Help save the Mexican gray wolf
Posted: Monday, December 3, 2007 11:00 pm
To the editor:
I would like to thank the Daily Sun for the informative coverage of the U.S. Fish and Wildlife Service meeting held in Flagstaff on Nov. 26 regarding the future of the Mexican gray wolf recovery plan for Arizona and New Mexico. I was pleased to see the tremendous local support for continued recovery efforts for the Mexican wolf here in Arizona. The NEPA (National Environmental Polict Act) hearings gave all of us the opportunity to share written comments and suggestions to encourage rule changes to the current wolf recovery policy.
I will touch on just one of them here. While reintroduced wolves have thrived in the Northern Rockies, the Mexican gray wolf population remains dangerously low in the Blue Range Wolf Recovery Area. Currently there are fewer than 60 wolves in this area. One of the reasons for this is the stringent rules concerning capture and relocation of wolves that stray from the established boundaries of the BRWRA. This rule interferes with thier instinct to establish new territories and denning sites as a natural part of thier recovery. A rule change to allow for thier natural migration into the Grand Canyon ecoregion (a wilderness area that streaches from the Mogollon Plateau into the canyonlands of southern Utah) would open up thousands of square miles of prime wilderness area with an abundant prey base.
Without the support of state and federal government as well as concerned citizens this magnificent wolf subspecies could be doomed to extinction in the wild. I encourage readers to get involved in the effort to save Mexican gray wolf. Additional information on this issue is available and the Grand Canyon Wolf Recovery Project Web site: www.gcwolf recovery.org
Protecting cattle will protect wolves
Posted: Saturday, August 11, 2007 10:00 pm
To the editor:
I read with interest the Writer on the Range article by Bryce Andrews, “Living precariously with wolves, cattle” (Aug. 7). He wrote of his desire to live in peaceful co-existence with the wolves who fed on elk in the high country of Montana while their cattle fattened themselves unharmed in the lower river bottom pastures.
Then in July they moved their herd into the high county (wolf territory) and “left them munching Forest Service grass.” He became enraged when the cattle they left unguarded started becoming victims of wolf depredation. After the Montana Department of Fish & Wildlife confirmed a wolf kill, a “shoot-on-sight” permit was issued for two wolves.
Of course they had no way of knowing which wolves were involved in the kill so any two wolves would do “¦ an eye for an eye. A few days later he shot a wolf and watched it go down and attempt to crawl away before he pumped a second shot into it. The next day one of his associates killed a half-grown pup and the sentence was complete. He claims credit for the fact that the wolf pack later moved up into the mountains, and states that killing the wolf was “the most effective conservation act of my life.”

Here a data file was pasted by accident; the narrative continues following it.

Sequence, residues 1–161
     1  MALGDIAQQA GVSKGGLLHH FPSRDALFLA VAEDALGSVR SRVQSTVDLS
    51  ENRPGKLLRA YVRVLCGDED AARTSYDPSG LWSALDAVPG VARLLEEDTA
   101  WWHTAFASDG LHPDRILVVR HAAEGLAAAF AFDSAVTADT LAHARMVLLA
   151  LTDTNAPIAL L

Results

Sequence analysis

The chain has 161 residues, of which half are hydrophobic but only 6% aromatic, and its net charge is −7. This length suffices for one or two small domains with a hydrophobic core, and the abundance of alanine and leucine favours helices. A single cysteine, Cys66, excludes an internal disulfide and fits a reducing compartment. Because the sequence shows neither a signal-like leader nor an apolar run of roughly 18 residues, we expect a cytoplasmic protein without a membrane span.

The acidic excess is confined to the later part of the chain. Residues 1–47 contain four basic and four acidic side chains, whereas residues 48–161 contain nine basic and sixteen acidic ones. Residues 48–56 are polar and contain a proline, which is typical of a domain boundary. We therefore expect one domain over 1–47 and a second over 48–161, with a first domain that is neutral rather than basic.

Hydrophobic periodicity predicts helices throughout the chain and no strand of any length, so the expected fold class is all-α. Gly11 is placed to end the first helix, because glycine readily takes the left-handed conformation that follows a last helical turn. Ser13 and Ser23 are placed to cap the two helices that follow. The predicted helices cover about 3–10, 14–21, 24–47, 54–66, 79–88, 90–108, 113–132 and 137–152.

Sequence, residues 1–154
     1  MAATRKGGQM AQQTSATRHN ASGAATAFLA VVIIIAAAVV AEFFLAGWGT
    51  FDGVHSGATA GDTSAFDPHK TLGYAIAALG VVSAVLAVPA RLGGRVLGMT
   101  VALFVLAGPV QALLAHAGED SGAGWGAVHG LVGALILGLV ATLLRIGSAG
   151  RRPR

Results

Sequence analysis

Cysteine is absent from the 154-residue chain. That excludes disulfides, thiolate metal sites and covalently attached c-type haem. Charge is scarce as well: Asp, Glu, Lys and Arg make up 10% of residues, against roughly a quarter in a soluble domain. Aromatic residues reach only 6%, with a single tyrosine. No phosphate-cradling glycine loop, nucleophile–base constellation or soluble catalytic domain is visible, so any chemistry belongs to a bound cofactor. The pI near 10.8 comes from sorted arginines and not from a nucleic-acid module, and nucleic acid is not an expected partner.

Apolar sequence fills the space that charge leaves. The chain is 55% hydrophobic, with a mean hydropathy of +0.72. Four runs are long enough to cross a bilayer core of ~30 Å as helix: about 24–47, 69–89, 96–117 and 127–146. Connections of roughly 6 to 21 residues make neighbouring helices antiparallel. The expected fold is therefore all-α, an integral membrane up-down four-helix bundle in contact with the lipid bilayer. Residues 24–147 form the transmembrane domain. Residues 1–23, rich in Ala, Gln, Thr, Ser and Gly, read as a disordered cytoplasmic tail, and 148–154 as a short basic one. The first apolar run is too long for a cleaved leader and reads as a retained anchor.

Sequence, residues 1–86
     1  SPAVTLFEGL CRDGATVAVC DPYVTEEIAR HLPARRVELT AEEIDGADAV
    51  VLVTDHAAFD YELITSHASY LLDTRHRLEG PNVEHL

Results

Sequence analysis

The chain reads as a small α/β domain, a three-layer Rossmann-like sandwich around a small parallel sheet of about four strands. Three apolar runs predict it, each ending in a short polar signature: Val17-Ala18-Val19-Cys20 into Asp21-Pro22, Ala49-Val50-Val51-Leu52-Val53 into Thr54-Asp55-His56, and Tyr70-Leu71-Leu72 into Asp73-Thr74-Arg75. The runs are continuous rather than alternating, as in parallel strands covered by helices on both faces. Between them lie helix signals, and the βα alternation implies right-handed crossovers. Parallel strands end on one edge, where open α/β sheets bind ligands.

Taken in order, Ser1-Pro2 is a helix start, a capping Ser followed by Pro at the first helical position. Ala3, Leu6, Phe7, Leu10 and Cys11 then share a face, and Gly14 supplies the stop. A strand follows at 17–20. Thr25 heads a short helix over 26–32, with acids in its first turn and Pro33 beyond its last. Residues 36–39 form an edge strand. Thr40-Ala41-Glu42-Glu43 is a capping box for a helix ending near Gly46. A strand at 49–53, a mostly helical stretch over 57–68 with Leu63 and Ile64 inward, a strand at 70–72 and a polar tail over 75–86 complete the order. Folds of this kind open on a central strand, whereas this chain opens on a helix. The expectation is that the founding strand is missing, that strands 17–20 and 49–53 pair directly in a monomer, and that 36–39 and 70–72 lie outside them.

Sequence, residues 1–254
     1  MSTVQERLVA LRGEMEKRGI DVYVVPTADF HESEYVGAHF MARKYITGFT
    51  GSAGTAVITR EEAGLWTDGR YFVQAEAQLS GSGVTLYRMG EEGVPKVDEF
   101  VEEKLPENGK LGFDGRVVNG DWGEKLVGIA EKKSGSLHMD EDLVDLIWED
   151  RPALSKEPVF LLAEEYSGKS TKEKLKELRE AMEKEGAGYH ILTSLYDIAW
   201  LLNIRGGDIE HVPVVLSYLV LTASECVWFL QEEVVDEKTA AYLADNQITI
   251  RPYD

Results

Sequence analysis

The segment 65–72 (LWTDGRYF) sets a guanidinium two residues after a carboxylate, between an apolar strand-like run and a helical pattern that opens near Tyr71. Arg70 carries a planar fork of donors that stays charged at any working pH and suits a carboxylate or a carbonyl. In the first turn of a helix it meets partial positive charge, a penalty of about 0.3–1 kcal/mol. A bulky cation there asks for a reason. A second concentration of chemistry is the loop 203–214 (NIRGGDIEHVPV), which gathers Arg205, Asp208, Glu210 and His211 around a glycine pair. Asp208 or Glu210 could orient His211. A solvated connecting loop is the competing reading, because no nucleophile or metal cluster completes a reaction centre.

I would like to suggest a better conservation act may have been not to leave the cattle unprotected in known wolf country in the first place. Ranchers in Canada and in Minnesota, where wolves have lived for generations, have used cattle riders and other methods to cut depredation with success. With a little respect for these magnificent predators and some ingenuity the ranching community (in Montana and Arizona) might reasonably co-exist with the wolves and minimize losses.
Grand Canyon region can sustain wolfpacks
Posted: Wednesday, May 30, 2007 10:00 pm
To the editor:
I would like to respond to “Jobs, not wolves, needed in Flagstaff.” (Letters, May 17). The writer is correct that there have been changes in the environment of northern Arizona over the past century. That is why we should take steps to insure that large areas of remaining habitat be protected from further development and returned to as much a natural state as possible. The Grand Canyon Ecoregion (stretching from the Mogollon Plateau to the canyon lands of southern Utah) contains large expanses of undeveloped land and abundant game that could sustain several wolfpacks in an ecologically balanced predator-prey relationship.
As to the writer’s concerns that wolves might converge on Flagstaff, he need not fear. Wolves go to great lengths to avoid human contact, and in fact there is not one documented case of a healthy, wild wolf killing a human in the United States. The Grand Canyon Wolf Recovery Project (www.gcwolfrecovery.org) is based here in Flagstaff and can provide access to wolf recovery information and scientific studies that have been conducted to date. I encourage those who have interest in this issue to read the current research.